Book Report: Madwomen

Published January 24, 2017 by Iphis of Scyros


Surprising myself, I’ve already finished the next book on my Read Harder list. [And it is to be noted that I wrote 95% of this review on campus yesterday afternoon.]  Of course, it was for #23 “Read a collection of poetry in translation on a theme other than love,” so maybe that’s not quite so surprising.  Or rather, it helped that the book of poetry I picked turned out to be extremely short.


Gabriela Mistral (1889-1957) was a Chilean poet who achieved both national and international renown, was the first Latin American to be named a Nobel laureate in literature (in 1954) and helped found UNICEF.  To be honest, I only skimmed the introduction, but it looks like she led a very eventful and tumultuous life.  (A full biography would probably be very interesting.  A summary in an introduction to a book usually tends to leave out so much that it becomes confusing.)

In any case, Madwomen:  The Locas Mujeres Poems of Gabriela Mistral seems longer than it is (at least in this edition, anyway), because it prints the original Spanish and the English translation on facing pages.  Since I don’t speak Spanish (though I did take a couple of semesters in it before my trip to Peru in 2008), I obviously only read the English translation.  (Which is, after all, what the challenge is about, let’s not forget.)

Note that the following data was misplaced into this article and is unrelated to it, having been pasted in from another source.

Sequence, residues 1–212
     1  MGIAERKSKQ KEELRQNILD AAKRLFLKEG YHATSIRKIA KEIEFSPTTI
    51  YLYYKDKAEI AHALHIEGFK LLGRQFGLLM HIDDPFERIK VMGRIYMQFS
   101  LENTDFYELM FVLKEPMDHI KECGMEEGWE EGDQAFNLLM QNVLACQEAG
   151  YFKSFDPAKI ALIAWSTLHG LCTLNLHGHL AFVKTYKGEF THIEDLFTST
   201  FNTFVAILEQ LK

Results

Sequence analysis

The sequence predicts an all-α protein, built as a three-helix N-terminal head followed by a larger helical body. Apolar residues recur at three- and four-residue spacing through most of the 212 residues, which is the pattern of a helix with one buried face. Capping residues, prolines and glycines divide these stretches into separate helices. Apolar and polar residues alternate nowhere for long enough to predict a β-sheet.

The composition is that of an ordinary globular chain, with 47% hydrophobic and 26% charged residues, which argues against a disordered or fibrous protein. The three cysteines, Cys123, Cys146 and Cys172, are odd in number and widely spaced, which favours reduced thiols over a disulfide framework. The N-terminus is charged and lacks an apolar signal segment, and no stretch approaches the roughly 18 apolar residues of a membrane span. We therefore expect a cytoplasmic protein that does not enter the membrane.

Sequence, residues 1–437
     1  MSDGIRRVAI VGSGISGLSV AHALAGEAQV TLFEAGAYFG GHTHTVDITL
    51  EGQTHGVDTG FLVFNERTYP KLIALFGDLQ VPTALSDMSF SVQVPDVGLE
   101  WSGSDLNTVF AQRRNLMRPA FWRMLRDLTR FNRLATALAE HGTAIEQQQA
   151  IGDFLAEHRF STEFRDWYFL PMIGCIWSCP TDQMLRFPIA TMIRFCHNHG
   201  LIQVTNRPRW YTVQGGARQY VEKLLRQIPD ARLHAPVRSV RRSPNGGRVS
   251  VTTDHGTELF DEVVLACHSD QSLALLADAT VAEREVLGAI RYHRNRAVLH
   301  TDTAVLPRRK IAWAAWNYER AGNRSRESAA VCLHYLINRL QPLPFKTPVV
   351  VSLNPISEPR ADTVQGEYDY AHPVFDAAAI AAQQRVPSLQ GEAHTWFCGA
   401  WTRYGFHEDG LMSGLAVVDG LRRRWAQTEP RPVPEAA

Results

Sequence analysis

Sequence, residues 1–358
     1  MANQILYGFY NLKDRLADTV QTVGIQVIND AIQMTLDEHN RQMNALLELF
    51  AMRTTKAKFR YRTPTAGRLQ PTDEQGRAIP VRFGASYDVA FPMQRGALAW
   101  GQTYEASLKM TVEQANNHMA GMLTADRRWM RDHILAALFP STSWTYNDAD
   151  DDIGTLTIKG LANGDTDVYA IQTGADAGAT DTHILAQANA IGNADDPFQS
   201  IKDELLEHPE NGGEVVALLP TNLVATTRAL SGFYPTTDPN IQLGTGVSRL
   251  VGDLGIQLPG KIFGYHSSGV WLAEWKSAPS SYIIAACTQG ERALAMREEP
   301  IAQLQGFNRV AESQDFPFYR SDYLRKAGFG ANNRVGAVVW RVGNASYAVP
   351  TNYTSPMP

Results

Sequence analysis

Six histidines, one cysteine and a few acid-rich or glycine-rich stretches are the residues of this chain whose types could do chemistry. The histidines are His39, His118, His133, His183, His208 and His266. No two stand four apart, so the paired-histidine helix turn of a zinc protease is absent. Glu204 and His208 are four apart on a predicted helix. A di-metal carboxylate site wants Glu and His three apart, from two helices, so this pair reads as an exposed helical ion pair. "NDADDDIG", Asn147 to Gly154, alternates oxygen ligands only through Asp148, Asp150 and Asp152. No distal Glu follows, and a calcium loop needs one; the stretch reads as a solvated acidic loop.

I can’t say that I understood the literal meaning of every single poem, but even when I wasn’t sure precisely what she was describing, the emotional tone was always clear.  Frequently mournful, sometimes angry, but always too lucid to be truly “mad,” and yet the intensity of the emotions on display did mean that the people of Mistral’s era (particularly the people of her childhood) would likely have labelled those women as insane.